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QuantCert is a project around quantum computing certification

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Projects related to the quantum certification

This Git repository lists projects related to our work around quantum certification.

Method of constructing a block design by Key and Moori

Paper abstract:
In the field of experimental mathematics, the programs used to obtain various results rarely follow good software engineering practices, making these results difficult to reproduce and evaluate. This article presents a formalization of a method for of combinatorial structures (called block systems) and a validation of their properties.

More information related to this paper can be found in the Designs part of this GitHub repository.

GT IQ 2019’s days

The annual meeting of GT IQ is organised in Besançon for 2019, more details can be found on GT-IQ’19 (fr)

Mermin Polynomials for Entanglement Evaluation in Grover’s algorithm and Quantum Fourier Transform

Paper abstract:
The entanglement of a quantum system can be valuated using Mermin polynomials. This gives us a means to study entanglement evolution during the execution of quantum al- gorithms. We first consider Grover’s quantum search algorithm, noticing that states during the algorithm are maximally entangled in the direction of a single constant state, which allows us to search for a single optimal Mermin operator and use it to evaluate entanglement through the whole execution of Grover’s algorithm. Then the Quantum Fourier Transform is also studied with Mermin polynomials. A different optimal Mermin operator is searched at each execution step, since in this case there is no single direction of evolution. The results for the Quantum Fourier Transform are compared to results from a previous study of entanglement with Cayley hyperdeterminant. All our computations can be replayed thanks to a structured and documented open-source code that we provide.

More information related to this paper can be found in the Mermin-eval part of this GitHub repository.

Entanglement and non-locality of four-qubits connected hypergraph states

Paper abstract:
We study entanglement and non-locality of connected four-qubit hypergraph states. One obtains the SLOCC classification from the known LU-orbits. We then consider Mermin’s polynomials and show that all four-qubit hypergaph states exhibit non-local behavior. “Finally, we implement some of the corresponding inequalities on the IBM Quantum Experience.

More information related to this paper can be found in the Mermin-hypergraph-states part of this GitHub repository.

Contextuality degree of quadrics in multi-qubit symplectic polar spaces

Paper abstract:
Quantum contextuality takes an important place amongst the concepts of quantum computing that bring an advantage over its classical counterpart. For a large class of contextuality proofs, aka. observable-based proofs of the Kochen-Specker Theorem, we formulate the contextuality property as the absence of solutions to a linear system and define for a contextual configuration its degree of contextuality. Then we explain why subgeometries of binary symplectic polar spaces are candidates for contextuality proofs. We report the results of a software that generates these subgeometries, decides their contextuality and computes their contextuality degree for some small symplectic polar spaces. We show that quadrics in the symplectic polar space Wn are contextual for n=3,4,5. The proofs we consider involve more contexts and observables than the smallest known proofs. This intermediate size property of those proofs is interesting for experimental tests, but could also be interesting in quantum game theory.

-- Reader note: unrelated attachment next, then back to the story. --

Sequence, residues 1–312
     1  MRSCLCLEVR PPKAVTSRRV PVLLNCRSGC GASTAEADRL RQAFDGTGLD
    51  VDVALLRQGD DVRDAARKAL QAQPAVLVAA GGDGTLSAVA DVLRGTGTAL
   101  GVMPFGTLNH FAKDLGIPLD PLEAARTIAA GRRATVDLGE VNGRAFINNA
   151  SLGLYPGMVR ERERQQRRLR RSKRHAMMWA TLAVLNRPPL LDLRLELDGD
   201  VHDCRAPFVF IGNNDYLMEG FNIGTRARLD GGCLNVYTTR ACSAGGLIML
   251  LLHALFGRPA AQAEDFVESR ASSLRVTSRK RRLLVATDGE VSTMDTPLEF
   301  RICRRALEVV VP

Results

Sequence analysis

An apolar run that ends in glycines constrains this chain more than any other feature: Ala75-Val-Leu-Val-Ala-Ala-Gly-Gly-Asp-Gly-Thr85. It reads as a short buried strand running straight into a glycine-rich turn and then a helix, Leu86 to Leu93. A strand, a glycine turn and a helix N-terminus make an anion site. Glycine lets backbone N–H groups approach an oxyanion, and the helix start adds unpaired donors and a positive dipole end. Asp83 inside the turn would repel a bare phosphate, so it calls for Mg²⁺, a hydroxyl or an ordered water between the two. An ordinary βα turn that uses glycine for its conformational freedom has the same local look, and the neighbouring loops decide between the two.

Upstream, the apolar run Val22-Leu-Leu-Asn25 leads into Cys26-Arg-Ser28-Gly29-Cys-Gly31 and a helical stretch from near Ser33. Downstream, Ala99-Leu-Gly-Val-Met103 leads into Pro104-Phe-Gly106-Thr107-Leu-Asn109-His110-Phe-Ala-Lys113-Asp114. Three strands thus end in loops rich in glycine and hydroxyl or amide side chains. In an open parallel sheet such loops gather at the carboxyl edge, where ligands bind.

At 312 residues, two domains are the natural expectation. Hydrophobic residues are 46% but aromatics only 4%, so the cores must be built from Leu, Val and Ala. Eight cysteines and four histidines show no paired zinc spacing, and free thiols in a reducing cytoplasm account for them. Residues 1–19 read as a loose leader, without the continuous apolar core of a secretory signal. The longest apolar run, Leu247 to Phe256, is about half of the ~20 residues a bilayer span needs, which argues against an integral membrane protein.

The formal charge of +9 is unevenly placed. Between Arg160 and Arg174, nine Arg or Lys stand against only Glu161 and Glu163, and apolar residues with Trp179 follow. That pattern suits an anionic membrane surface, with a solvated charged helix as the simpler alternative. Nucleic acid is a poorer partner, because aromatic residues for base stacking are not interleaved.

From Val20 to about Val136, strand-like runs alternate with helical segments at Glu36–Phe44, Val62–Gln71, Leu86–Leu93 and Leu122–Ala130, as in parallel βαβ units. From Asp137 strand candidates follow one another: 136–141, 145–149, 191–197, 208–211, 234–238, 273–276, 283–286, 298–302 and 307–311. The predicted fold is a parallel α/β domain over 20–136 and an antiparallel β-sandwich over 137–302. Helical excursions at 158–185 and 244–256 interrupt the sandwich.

More information related to this paper can be found in the Magma-contextuality part of this GitHub repository.

Taxonomy of Polar Subspaces of Multi-Qubit Symplectic Polar Spaces of Small Rank

Paper abstract:
We study certain physically-relevant subgeometries of binary symplectic polar spaces of small rank N , W(2N-1,2), when the points of these spaces are parametrized by canonical N -fold products of Pauli matrices and the associated identity matrix (i.e., N-qubit observables). Key characteristics of a subspace of such W(2N-1,2) are: the number of its negative lines, distribution of types of observables, character of the geometric hyperplane the subspace shares with the distinguished (non-singular) quadric of W(2N-1,2) and the structure of its Veldkamp space. W(3,2) features three negative lines of the same type and its W(1,2)’s are of five different types. W(5,2) is endowed with 90 negative lines of two types and its W(3,2)’s split into 13 types. 279 out of 480 W(3,2)’s with three negative lines are composite, i.e. they all originate from the two-qubit W(3,2) by selecting in the latter a geometric hyperplane and formally adding to each two-qubit observable, at the same position, the identity matrix if an observable lies on the hyperplane and the same Pauli matrix for any other observable. Further, given a W(3,2) and any of its geometric hyperplanes, there are other three W(3,2)’s possessing the same hyperplane. There is also a particular type of W(3,2)’s, a representative of which features a point each line through which is negative. Finally, W(7,2) is found to possess 1908 negative lines of five types and its W(5,2)’s fall into as many as 29 types. 1524 out of 1560 W(5,2)’s with 90 negative lines originate from the three-qubit W(5,2). Remarkably, the difference in the number of negative lines for any two distinct types of four-qubit W(5,2)’s is a multiple of four.

More information related to these papers can be found in the Magma-contextuality part of this GitHub repository.

Testing quantum contextuality of binary symplectic polar spaces on a Noisy Intermediate Scale Quantum Computer

Paper abstract: